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Joseph Conrad's Heart Of Darkness. Essay

1390 words - 6 pages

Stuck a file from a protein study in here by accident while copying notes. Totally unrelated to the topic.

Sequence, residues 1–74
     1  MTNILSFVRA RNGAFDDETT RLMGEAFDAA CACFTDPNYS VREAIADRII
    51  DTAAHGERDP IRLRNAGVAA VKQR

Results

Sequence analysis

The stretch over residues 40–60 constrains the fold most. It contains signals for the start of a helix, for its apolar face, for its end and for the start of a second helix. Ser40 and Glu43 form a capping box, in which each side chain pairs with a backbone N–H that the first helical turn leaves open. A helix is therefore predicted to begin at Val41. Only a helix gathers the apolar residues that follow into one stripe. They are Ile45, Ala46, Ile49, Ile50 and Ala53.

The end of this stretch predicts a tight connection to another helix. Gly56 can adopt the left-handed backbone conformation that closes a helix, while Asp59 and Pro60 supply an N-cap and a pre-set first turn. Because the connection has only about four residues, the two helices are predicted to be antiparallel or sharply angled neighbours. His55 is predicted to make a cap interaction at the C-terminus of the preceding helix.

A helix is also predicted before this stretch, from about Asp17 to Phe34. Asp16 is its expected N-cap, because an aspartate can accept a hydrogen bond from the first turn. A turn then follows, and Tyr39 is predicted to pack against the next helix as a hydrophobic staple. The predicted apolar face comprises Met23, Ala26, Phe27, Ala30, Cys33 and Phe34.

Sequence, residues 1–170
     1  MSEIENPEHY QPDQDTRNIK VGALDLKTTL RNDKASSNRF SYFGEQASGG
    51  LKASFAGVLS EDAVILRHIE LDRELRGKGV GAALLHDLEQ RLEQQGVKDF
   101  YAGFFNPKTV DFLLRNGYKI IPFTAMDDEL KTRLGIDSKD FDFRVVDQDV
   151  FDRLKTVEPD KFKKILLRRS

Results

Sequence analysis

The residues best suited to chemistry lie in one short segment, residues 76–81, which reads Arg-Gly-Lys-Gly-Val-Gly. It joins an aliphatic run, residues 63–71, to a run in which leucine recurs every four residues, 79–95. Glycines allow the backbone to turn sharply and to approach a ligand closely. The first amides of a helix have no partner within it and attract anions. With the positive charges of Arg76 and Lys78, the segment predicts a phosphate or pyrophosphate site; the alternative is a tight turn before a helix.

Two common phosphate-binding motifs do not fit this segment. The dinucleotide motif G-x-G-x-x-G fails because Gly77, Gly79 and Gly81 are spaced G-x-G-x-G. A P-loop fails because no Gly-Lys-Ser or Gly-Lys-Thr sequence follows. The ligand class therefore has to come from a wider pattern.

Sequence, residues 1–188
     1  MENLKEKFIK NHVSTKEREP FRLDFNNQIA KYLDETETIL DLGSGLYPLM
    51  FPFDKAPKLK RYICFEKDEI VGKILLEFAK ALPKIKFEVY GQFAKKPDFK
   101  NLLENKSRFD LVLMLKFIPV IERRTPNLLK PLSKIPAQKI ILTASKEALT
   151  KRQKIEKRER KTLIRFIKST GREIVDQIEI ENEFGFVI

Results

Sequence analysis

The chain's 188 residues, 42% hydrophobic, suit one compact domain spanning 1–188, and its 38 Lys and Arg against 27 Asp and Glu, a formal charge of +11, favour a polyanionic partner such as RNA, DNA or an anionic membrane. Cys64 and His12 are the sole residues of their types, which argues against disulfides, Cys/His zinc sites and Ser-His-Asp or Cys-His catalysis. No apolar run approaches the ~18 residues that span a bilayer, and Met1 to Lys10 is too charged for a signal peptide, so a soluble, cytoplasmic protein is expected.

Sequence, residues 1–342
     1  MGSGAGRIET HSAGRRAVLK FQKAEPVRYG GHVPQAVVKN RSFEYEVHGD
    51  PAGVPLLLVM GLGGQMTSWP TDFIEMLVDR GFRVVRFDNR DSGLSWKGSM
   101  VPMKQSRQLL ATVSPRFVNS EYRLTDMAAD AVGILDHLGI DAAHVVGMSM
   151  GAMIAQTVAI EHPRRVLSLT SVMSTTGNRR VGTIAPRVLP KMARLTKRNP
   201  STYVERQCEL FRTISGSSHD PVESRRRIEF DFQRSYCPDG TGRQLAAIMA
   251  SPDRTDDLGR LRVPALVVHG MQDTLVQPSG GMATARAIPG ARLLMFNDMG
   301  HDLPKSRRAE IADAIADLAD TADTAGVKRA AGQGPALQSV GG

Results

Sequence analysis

Sameer BhavnaniDr. Alex TothEnglish 1AMay 23, 2003Racism in Joseph Conrad's Heart of Darkness"We have to be very chary about pontificating on the "totality of meaning" of "Heart of Darkness."' Written by Harold Collins, who believes when you read the book one should not come to easy conclusions. (104) Many scholars such as Ian Watt speculate that Joseph Conrad was a racist, writing, "...using the word "cannibal" to describe natives of Africa, displayed racial prose..." Chinua Achebe writes, "Heart of Darkness projects the image of Africa as "the other world," the antithesis of Europe and therefore of civilization, a place where man's vaunted intelligence and refinement are finally mocked by triumphant beastiality."(251) Conrad considered Africa as another world, and Chinua's statement is supported by, "We are told that "Going up that river was like traveling back to the earliest beginnings of the world."(251). Chinua continues writing how racism flows through the book. The first appearance of racism occurs with Marlow's employment with the company.Marlow's employment begins with his interview in a racist environment in a racist city, which Joseph Conrad equates to a "white sepulcher."(73) "Marlow's presentment of incident, setting the image as a white forecast..." F. R. Leavis description of how white Marlow perceived the city. (198) The medical exam consisted only of measurement of the cranium in the "interest of science;" the doctor was of the belief that associating and commingling with the natives would only diminish intellectual capacity of the white people. The doctor was very eager to prove his theory and leave his legacy with his colleagues. Marlow was uncomfortable with the doctor, asking him, "...Are you an alienist?" The doctor replied, "'Every doctor should be--a little.'"(76) Readers believe that Conrad was being racist against Doctors, an "Anti-Docti." Marlow's employment was "a piece of good fortune" for the company.During the time, people like Marlow were considered "something like an emissary of light, something like a lower sort of apostle."(Guerard 103) However Marlow's aunt was of an opinion that the company should be "...weaned of its millions for its horrid ways."(77) Marlow, though a man of action, was a little bit hesitant to depart and go on his journey into the center of Africa. C. P. Sarvan believes that Marlow was more hesitant to leave to Africa, not because of the company and their ways, but more scared of the stories that his Aunt told him of the natives. "The aunt was one to scar Marlow from the cannibals by her myths and disbeliefs."(Sarvans 45)Upon Marlow's arrival in Africa he was shocked at the treatment of the natives by the white traders. The whites paraded the natives in chains and leg irons, considering them enemies and criminals. Conrad's description of the natives' physical appearance and poor clothing of loin clothes and head rags, giving an impression that the natives were being racially attacked;...

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